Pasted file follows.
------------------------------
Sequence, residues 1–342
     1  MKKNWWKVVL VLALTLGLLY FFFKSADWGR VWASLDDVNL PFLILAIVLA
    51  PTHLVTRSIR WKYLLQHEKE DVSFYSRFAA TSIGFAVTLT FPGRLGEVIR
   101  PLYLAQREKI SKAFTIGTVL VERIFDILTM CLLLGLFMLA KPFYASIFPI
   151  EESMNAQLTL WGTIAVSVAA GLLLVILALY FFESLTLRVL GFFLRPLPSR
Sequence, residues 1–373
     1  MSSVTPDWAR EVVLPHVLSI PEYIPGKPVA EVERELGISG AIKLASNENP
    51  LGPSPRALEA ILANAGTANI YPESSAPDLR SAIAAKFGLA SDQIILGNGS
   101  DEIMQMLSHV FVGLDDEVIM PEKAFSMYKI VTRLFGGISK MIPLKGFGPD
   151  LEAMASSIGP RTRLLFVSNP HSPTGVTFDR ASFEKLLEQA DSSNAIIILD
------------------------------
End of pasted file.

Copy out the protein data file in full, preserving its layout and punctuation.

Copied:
Sequence, residues 1–342
     1  MKKNWWKVVL VLALTLGLLY FFFKSADWGR VWASLDDVNL PFLILAIVLA
    51  PTHLVTRSIR WKYLLQHEKE DVSFYSRFAA TSIGFAVTLT FPGRLGEVIR
   101  PLYLAQREKI SKAFTIGTVL VERIFDILTM CLLLGLFMLA KPFYASIFPI
   151  EESMNAQLTL WGTIAVSVAA GLLLVILALY FFESLTLRVL GFFLRPLPSR
Sequence, residues 1–373
     1  MSSVTPDWAR EVVLPHVLSI PEYIPGKPVA EVERELGISG AIKLASNENP
    51  LGPSPRALEA ILANAGTANI YPESSAPDLR SAIAAKFGLA SDQIILGNGS
   101  DEIMQMLSHV FVGLDDEVIM PEKAFSMYKI VTRLFGGISK MIPLKGFGPD
   151  LEAMASSIGP RTRLLFVSNP HSPTGVTFDR ASFEKLLEQA DSSNAIIILD